Recently, plaintiffs’ class action lawyers from across the country have begun to look to the decisions of NAD in order to support false advertising class action claims.  In a never-ending effort to seek out and discover the “next big thing,” plaintiff attorneys have begun to focus their attention on NAD rulings, which have sparked a new wave of class action lawsuits aimed at companies’ advertising campaigns.

According to NAD Director Andrea Levine, these NAD-driven lawsuits are not so much about “fixing the advertising or protecting the public,” but instead are all about the “money,” as there is no shortage of both product sales and consumers to join in these claims.

The NAD decisions inadvertently lay out a “roadmap” for plaintiff attorneys because they not only detail the legal doctrines which support their findings, but they also indentify an advertiser’s potential defenses and vulnerabilities before discovery even commences.  A perfect example of this is the class action lawsuit which was filed against the William Wrigley Jr. Company, based on the claim that its Eclipse brand gum was scientifically proven to kill germs that cause bad breath.  In a decision published one month prior to the filing of this suit, the NAD chronicled in great detail its critique of Wrigley’s support for its position and concluded that Wrigley should discontinue or modify its advertising campaign.  The class action plaintiffs then used the information gleaned from the NAD decision as a basis to sue Wrigley’s.  In fact, they actually cited the decision in their complaint.  Wrigley’s wound up settling that case for $6 million.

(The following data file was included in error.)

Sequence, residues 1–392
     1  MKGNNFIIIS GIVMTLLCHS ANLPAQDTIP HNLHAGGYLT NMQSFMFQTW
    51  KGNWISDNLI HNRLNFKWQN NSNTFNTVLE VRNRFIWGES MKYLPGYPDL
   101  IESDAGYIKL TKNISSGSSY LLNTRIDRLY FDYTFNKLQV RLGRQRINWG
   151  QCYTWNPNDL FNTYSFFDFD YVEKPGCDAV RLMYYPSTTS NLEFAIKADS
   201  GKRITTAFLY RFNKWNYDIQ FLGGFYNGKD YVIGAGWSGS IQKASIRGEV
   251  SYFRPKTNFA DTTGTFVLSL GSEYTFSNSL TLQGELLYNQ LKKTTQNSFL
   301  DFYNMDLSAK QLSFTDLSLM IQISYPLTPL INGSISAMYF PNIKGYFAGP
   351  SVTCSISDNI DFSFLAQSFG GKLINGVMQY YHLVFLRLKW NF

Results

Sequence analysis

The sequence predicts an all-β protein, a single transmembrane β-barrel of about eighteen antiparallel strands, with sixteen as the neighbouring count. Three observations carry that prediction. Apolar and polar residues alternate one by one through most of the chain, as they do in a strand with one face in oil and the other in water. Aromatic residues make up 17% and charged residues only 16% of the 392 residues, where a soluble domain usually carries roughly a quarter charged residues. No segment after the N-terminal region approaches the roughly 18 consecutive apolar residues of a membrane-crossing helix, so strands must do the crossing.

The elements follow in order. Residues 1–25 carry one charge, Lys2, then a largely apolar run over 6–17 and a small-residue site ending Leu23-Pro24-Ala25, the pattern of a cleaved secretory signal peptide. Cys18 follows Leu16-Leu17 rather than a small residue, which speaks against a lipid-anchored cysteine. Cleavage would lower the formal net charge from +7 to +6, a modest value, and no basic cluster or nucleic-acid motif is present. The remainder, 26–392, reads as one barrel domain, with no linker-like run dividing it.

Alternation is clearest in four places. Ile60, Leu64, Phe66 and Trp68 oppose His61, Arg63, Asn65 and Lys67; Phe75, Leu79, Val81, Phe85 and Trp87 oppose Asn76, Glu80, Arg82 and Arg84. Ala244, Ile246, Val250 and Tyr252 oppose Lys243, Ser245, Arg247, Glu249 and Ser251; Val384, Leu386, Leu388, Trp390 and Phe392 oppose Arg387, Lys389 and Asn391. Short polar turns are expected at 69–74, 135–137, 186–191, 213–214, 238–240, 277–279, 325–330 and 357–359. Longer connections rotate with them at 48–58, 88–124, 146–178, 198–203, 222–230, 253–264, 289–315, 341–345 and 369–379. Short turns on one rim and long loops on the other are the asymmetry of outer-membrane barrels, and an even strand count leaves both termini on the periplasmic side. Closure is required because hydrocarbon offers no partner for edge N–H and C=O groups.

In another recent case, a federal class action lawsuit charges that POM Wonderful falsely advertised that its pomegranate juice provided certain health benefits to its users.  The NAD found that some of the research on which POM relied did not support its health claims – evidence which is directly cited by the plaintiffs in their class action lawsuit.  A copy of the POM Wonderful Class Action Lawsuit can be read here.

It appears that NAD rulings are becoming a gateway for class action lawsuits which, if left unchecked, may spiral out of control.  Companies must coordinate their efforts to enact legislation that makes it more difficult for a class